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USA Swimming official sacrifices career to save sport from 'Lia'

USA Swimming official sacrifices career to save sport from 'Lia'


A longtime swim official with USA Swimming has stepped down to protest the organization for allowing University of Pennsylvania swimmer Will Thomas (center) to remain on the women's team where he is smashing national records.

USA Swimming official sacrifices career to save sport from 'Lia'

The effort to defend biological women and preserve female-only competitions remains an uphill battle but a prominent swimming official has sacrificed her own career to plead with others to speak up, too.

USA Swimming official Cynthia Millen has resigned from that national organization after it refused to take action against “Lia” Thomas, a muscled 6 ft.-plus male swimmer who is setting collegiate women’s swim records that will never be broken.

Thomas, whose real name is Will, competed for the University of Pennsylvania men’s team for three years before swimming with young women.

USA Swimming is the governing board for the sport, where Millen worked for 30 years before quitting in protest after Thomas has swim meet records late last year that are being allowed to stand. In a December competition, Thomas beat his own female teammate by 38 seconds and crushed a national 500-meter record, held by Princeton, in a swim meet against that Ivy League rival.

“I told my fellow officials that I can no longer participate in a sport which allows biological men to compete against women,” Millen told Fox News. “Everything fair about swimming is being destroyed.”

The controversy over transgender athletes now dates back several years after biological males have been allowed on softball fields and in track meets, and even on a top-tier Olympic weightlifting team (pictured above) and in the prestigious Boston Marathon.

To even call it a “controversial” issue, however, is to risk backlash from ferocious LGBT activists and from cowering school officials and sports officials. Tennis champion Martina Navratilova generated a fierce backlash in 2019 after she accused trans athletes of “cheating” biological females. The tennis legend, a lesbian and a gay rights pioneer, was called “transphobic” for sharing her views.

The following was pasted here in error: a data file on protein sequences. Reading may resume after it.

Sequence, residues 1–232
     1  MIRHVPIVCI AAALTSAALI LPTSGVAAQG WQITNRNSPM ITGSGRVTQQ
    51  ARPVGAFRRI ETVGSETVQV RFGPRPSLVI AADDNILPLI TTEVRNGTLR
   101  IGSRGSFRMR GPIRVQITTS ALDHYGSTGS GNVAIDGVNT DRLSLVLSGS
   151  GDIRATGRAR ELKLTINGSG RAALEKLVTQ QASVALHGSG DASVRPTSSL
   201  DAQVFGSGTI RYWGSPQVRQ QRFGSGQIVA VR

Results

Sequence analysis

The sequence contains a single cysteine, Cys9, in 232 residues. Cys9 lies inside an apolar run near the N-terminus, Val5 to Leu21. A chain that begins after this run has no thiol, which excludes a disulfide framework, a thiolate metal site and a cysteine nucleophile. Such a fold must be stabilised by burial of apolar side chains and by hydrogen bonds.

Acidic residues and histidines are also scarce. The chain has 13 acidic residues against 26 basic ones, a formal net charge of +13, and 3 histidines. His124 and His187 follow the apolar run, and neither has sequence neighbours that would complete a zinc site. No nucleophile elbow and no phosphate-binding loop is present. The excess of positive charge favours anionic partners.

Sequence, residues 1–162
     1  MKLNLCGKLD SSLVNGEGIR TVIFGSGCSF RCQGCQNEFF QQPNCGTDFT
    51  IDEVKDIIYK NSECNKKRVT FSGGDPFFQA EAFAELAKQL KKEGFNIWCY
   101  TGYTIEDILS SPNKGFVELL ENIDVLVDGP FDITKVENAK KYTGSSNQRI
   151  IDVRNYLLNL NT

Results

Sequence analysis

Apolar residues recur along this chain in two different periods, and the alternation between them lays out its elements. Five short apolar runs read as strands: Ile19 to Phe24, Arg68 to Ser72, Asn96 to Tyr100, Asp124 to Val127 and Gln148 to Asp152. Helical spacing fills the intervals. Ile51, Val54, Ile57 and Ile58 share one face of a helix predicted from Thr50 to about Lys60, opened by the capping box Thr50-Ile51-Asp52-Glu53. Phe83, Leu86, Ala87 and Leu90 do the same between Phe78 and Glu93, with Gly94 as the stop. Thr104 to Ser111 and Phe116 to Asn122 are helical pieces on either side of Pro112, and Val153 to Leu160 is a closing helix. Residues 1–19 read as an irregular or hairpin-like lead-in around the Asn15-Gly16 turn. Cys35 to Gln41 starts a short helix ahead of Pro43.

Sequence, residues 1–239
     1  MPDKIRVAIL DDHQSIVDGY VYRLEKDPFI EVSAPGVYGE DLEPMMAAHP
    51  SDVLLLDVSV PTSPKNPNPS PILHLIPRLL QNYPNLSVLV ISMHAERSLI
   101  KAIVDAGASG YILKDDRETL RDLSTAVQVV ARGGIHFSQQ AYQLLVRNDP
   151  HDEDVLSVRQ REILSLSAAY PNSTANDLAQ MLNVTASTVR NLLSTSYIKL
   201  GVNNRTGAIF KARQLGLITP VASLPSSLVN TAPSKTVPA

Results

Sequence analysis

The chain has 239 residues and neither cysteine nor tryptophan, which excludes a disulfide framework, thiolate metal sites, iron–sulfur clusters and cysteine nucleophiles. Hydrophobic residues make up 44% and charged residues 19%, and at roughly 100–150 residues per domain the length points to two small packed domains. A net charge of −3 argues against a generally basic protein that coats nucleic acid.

“I am happy to address a transgender woman in whatever form she prefers,” Navratilova said, “but I would not be happy to compete against her. It would not be fair.”

It doesn’t help either that the national media, such as this ABC News story and this Time story, often describe the male-to-female athlete as a true-to-self hero who is facing unfair backlash from hate-filled critics.

On the women’s swim team at UPenn, some female swimmers have criticized Thomas but did so anonymously for fear of backlash.

“Pretty much everyone individually has spoken to our coaches about not liking this,” a female swimmer told sports website Outkick. “I think secretly everyone just knows it’s the wrong thing to do.”

Nobody is speaking out publicly, the female swimmer said, because they know they will be punished for doing so and “miss out on all that we’ve been working for.”

Steve McConkey, a former track star who leads 4 Winds Christian Athletics, has warned about the transgender push for years. Millen, he says, deserves credit for speaking out.

"People don't realize how brave this is because she's bucking the system,” he says. “And this is what needs to happen. She's speaking for hundreds and hundreds of coaches."